Over the past year, machine learning and artificial intelligence technology have made significant strides. Specialized algorithms, including OpenAI’s DALL-E, have demonstrated the ability to generate images based on text prompts with increasing canniness. Natural language processing (NLP) systems have grown closer to approximating human writing and text. And some people even think that an AI has attained sentience. (Spoiler alert: It has not.)
And as Ars’ Matt Ford recently pointed out here, artificial intelligence may be artificial, but it’s not “intelligence”—and it certainly isn’t magic. What we call “AI” is dependent upon the construction of models from data using statistical approaches developed by flesh-and-blood humans, and it can fail just as spectacularly as it succeeds. Build a model from bad data and you get bad predictions and bad output—just ask the developers of Microsoft’s Tay Twitterbot about that.
For a much less spectacular failure, just look to our back pages. Readers who have been with us for a while, or at least since the summer of 2021, will remember that time we tried to use machine learning to do some analysis—and didn’t exactly succeed. (“It turns out ‘data-driven’ is not just a joke or a buzzword,” said Amazon Web Services Senior Product Manager Danny Smith when we checked in with him for some advice. “‘Data-driven’ is a reality for machine learning or data science projects!”) But we learned a lot, and the biggest lesson was that machine learning succeeds only when you ask the right questions of the right data with the right tool.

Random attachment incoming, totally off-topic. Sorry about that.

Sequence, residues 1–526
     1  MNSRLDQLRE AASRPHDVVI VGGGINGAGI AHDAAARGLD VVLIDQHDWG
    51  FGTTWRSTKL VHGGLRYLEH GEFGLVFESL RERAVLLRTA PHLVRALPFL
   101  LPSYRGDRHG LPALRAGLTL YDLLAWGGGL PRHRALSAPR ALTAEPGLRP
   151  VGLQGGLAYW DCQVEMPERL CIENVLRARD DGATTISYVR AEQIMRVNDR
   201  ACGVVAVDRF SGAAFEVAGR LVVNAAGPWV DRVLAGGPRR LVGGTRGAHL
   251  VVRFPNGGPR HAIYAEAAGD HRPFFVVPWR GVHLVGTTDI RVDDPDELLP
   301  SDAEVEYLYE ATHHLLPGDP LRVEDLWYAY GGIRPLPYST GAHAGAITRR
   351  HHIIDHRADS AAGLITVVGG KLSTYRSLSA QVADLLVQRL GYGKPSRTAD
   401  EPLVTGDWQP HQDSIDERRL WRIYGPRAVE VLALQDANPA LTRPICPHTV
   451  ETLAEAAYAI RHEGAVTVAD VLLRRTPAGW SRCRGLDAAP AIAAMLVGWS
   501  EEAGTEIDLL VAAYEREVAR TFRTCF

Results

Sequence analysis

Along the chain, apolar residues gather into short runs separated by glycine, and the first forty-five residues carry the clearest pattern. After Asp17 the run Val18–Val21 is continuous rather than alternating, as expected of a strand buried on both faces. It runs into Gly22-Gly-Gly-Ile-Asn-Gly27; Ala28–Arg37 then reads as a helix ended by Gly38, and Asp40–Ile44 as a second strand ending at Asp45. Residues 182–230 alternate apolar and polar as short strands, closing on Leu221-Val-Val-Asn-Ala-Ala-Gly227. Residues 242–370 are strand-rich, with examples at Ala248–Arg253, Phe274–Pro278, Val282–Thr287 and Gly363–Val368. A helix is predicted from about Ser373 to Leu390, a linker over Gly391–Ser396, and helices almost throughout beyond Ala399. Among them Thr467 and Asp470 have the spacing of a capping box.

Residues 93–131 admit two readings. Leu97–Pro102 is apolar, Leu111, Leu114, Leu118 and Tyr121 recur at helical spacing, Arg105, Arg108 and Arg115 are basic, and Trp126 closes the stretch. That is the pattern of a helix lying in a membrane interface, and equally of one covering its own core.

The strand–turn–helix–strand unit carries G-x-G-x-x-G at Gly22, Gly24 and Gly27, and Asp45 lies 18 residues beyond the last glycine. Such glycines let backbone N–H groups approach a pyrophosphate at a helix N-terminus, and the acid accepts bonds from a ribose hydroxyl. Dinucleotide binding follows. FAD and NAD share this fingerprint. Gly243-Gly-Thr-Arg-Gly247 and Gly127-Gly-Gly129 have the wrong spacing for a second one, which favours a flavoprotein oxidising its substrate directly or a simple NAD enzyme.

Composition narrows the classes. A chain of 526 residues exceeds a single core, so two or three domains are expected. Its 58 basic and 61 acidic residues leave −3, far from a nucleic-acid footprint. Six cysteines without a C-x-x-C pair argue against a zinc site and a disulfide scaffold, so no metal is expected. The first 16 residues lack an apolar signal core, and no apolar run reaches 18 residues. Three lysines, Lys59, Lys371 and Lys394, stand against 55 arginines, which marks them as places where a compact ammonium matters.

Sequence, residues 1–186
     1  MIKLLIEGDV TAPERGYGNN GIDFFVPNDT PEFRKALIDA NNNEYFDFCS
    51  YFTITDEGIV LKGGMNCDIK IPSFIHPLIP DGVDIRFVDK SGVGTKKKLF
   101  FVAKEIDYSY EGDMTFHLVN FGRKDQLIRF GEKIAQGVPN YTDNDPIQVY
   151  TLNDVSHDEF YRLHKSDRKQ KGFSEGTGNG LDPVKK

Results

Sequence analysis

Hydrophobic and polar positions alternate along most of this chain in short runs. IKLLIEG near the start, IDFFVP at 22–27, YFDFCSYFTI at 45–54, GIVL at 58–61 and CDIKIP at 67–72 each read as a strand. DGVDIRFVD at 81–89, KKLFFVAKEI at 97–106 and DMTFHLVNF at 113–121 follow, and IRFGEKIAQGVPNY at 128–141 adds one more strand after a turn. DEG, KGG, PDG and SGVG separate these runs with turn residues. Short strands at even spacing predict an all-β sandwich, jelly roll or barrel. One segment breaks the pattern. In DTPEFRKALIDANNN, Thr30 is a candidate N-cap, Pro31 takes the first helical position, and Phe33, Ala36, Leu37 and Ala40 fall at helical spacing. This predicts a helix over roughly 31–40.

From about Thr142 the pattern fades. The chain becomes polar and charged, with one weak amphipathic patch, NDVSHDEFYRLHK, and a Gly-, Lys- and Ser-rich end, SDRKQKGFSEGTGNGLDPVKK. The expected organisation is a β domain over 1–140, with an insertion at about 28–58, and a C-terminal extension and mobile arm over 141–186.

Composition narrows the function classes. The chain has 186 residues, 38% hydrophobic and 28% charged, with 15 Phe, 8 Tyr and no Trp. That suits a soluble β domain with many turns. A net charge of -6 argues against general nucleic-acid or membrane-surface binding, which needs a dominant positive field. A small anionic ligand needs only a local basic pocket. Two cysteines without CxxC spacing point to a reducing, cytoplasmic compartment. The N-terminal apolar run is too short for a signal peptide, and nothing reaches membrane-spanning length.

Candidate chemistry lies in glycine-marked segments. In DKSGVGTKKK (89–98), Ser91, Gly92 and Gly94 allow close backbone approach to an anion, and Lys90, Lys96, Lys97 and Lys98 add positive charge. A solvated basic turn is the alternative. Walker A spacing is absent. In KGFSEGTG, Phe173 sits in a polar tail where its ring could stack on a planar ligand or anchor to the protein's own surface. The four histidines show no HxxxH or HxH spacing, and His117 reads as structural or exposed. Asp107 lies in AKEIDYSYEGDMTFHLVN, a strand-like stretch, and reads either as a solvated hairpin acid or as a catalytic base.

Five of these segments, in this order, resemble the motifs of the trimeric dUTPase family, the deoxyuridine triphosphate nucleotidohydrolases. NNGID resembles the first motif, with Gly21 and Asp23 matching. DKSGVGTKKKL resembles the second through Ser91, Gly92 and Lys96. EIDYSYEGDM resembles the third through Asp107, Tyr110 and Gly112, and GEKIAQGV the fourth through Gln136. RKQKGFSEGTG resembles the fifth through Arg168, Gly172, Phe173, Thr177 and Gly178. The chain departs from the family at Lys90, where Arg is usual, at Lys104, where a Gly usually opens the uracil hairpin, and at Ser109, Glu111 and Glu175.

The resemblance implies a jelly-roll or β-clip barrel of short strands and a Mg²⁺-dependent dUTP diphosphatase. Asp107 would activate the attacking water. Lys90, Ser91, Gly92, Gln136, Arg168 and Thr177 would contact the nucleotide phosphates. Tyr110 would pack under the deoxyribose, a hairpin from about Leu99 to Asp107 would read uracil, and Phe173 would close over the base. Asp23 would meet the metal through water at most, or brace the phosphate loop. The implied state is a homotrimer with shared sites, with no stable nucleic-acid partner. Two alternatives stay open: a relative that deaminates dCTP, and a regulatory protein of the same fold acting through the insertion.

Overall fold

Those tools have evolved. A growing class of “no-code” and “low-code” machine learning tools are making a number of ML tasks increasingly approachable, taking the powers of machine learning analytics that were once the sole provenance of data scientists and programmers and making them accessible to business analysts and other non-programming end users.
While the work on DALL-E is amazing and will have a significant impact on the manufacture of memes, deep fakes, and other imagery that was once the domain of human artists (using prompts like “[insert celebrity name] in the style of Edvard Munch’s The Scream“), easy-to-use machine learning analytics involving the sorts of data that businesses and individuals create and work with every day can be just as disruptive (in the most neutral sense of that word).
ML vendors tout their products as being an “easy button” for finding relationships in data that may not be obvious, uncovering the correlation between data points and overall outcomes—and pointing people to solutions that traditional business analysis would take humans days, months, or years to uncover through traditional statistical or quantitative analysis.
We set out to perform a John Henry-esque test: to find out whether some of these no-code-required tools could outperform a code-based approach, or at least deliver results that were accurate enough to make decisions at a lower cost than a data scientist’s billable hours. But before we could do that, we needed the right data—and the right question.